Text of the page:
Bridging the Global Digital Divide
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Bridging the Global Digital Divide

Jeffrey James

Employing a rigorous analytical framework, the author bases his analysis on the concept of international technological dualism. He argues that one possible solution to the problem is the availability of affordable technologies, such as low-cost computers, which are specifically designed for the income levels and socio-economic conditions of developing countries. He also emphasises that the most important aim of any policy measure should be to provide universal access to information technologies, rather than individual ownership. Depending on whether or not this divide can be bridged will, to a large degree, determine whether developing countries are able to attain higher levels of productivity, prosperity and global integration.
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Chapter 1: Convergence and Divergence in the Global Economy: The Role of Technical Change

Jeffrey James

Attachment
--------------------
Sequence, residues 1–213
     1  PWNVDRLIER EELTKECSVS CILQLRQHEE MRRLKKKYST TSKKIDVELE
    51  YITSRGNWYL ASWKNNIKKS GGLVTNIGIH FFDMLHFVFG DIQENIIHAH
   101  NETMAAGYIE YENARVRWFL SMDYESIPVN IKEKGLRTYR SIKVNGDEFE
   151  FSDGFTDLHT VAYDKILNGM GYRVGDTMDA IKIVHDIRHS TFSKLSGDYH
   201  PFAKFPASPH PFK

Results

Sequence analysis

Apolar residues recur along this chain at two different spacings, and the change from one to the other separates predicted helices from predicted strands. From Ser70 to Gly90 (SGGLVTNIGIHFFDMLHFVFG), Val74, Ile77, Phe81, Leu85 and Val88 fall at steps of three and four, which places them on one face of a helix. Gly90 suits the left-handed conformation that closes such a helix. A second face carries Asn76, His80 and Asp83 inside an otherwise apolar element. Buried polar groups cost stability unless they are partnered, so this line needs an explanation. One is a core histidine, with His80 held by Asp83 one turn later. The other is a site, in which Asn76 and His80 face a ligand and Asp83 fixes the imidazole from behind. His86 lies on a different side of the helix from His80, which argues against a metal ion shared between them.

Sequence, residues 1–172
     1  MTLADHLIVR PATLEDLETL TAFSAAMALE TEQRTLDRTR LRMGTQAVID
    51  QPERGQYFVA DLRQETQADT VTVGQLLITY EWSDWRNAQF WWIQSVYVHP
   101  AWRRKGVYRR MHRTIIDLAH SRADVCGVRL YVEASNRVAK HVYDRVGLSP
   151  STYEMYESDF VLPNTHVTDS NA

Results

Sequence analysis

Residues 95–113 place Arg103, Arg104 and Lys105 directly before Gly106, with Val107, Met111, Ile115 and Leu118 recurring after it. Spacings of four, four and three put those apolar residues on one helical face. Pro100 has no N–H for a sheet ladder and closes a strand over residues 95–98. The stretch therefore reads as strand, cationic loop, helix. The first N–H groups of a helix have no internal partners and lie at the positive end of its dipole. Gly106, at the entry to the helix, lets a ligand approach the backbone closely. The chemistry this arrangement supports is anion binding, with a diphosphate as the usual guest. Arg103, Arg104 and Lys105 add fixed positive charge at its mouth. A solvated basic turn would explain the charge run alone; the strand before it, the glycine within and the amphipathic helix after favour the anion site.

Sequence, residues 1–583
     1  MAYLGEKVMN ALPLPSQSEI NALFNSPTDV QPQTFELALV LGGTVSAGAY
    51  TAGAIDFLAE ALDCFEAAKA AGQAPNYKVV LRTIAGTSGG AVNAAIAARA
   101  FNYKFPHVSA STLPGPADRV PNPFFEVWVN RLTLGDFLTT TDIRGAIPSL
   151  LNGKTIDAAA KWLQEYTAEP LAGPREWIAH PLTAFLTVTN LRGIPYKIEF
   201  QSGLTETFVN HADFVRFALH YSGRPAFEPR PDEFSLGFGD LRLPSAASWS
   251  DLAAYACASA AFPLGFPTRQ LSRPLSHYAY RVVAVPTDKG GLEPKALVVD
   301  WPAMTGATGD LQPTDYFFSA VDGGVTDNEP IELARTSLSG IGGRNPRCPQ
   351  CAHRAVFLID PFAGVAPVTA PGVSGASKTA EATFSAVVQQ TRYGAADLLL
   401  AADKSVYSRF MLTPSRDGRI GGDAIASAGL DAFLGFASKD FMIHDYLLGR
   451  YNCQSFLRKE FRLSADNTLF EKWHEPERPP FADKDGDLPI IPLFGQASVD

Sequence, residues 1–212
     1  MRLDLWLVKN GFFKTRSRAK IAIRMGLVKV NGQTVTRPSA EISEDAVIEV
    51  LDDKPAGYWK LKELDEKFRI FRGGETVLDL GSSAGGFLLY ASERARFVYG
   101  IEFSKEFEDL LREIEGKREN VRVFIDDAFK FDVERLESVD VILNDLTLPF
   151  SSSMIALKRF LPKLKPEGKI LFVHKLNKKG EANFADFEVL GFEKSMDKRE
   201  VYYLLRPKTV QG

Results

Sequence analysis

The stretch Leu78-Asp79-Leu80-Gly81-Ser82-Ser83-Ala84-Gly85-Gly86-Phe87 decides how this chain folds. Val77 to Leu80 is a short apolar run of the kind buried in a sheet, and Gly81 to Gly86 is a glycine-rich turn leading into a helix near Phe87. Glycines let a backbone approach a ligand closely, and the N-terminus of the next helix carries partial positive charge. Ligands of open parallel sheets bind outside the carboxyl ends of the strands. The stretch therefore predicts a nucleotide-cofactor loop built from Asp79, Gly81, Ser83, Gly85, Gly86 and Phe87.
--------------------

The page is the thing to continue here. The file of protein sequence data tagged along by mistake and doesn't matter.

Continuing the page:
INTRODUCTION Of the many pieces of evidence that attest to the importance of technical change as a source of economic growth,1 perhaps the most compelling: comes from the work of economic historians. For example, Landes (1969) describes the role that new technologies played in spurring the industrial revolution, while Rosenberg (1972) provides a comprehensive survey of the relationship between technological advances and American economic growth since the early 1800s. The latter account, especially, leaves little room for doubting that the bulk of technological progress has been purposive and profit-driven. And Fogel (1964), though trying to argue that the railroads were not indispensable to American growth in the nineteenth century, nonetheless estimated that this single innovation added 5 percent to U.S. GNP by 1890. As yet, no empirical study proves that technology has been the engine of modernday growth. Still, we ask the reader to ponder the following: What would the last century’s growth performance have been like without the invention and refinement of methods for generating electricity and using radio waves to transmit sound, without Bessemer’s discovery of a new technique for refining iron, and without the design and development of products like the automobile, the air plane, the transistor, the integrated circuit, and the computer? (Grossman and Helpman, 1994, p. 32) It is precisely because of the importance thus ascribed to technical change as a source of economic growth that our view of the way in which innovations are actually generated, appropriated and spread among different countries bears...

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